As you can see in the example above, there are three completely different paragraphs using the same five words.

You might be wondering why there are two hands in the picture above. Well, because you can play it with a family member, (if they are in quarantine with you), or you can just overlap your own hand over your previous drawing and colour in the shapes that overlapping them makes.

So, there you go. That should take up about 15 minutes of their day!

Well, they could use the paragraph as a springboard to a longer piece of prose. Or, like the example, they could do several variants using the same words.

It’s good for creativity, prose, composition, spelling, punctuation, grammar and comprehension. (But don’t tell the kids this, or they won’t want to do it!)

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Hopscotch in the rain


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You don’t see chalk on the pavement much anymore.

My daughters used to do it outside our house and up the street with the neighbours’ children.

I was walking to school the other day to pick my daughters up when I saw some lovely pastel chalk drawings on the pavement and it took me back to when I was a kid.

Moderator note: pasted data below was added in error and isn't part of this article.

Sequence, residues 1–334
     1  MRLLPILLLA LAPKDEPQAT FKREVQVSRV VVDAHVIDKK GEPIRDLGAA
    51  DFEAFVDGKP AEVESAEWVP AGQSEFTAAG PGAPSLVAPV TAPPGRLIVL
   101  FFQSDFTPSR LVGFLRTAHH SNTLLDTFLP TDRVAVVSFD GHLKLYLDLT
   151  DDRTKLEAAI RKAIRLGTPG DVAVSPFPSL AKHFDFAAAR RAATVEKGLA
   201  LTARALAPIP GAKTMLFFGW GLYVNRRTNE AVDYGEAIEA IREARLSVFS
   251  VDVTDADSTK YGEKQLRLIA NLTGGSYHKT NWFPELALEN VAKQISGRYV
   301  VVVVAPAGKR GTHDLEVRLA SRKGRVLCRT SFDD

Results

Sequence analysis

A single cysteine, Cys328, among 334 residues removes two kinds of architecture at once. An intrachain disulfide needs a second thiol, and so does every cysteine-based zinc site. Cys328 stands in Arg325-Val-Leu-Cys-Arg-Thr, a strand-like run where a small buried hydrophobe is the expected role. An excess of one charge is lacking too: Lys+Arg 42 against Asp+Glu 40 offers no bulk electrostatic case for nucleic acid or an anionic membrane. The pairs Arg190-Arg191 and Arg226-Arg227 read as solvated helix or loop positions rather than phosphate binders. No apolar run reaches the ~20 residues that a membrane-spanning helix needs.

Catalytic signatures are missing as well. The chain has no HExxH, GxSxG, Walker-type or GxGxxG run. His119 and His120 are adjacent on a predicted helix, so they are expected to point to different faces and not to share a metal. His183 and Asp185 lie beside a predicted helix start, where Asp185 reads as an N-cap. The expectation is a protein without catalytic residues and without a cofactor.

So I wrote a haiku about it.

As you do.

 

Hopscotch in the rain.

 

Chalk on the pavement;

Hopscotch memories fade, in

Fine summer drizzle.

 

 

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Unleash your inner Tempest


Addendum.

Unfortunately, the Shakespeare exhibition and all workshops have been cancelled until further notice due to the coronavirus.

Apologies for the inconvenience.

 

Fancy contributing to an exhibition based around Shakespeare’s The Tempest?

I’m facilitating an exhibition for Arc in collaboration with Stockport Libraries as part of Shakespeare Week.

The theme for the exhibition is to bring the great bard’s classic play to life visually.

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Here’s one we prepared earlier…

Who can get involved?

Well, there are two groups of people that can take part – locals, and non-locals.

If you’re local to Stockport, you can come along to one of our group sessions at The Heatons and Brinnington libraries. They are on Tuesday 17th March and Friday 20th March respectively.

There are two sessions at each library. 10.30 am – 12.30 pm and 1.30 pm – 3.30 pm.

You can pop along for one, or both sessions. (There’ll be different activities in the morning and afternoon.) Stay for 10 minutes or two hours.

For non-locals who fancy having a go, simply email me a pdf of your piece (or post it if you have time) and I’ll print it out. It doesn’t matter if you’re from Vermont or Verona, just pick up your pencils and paintbrushes and wear your heart on your sleeve.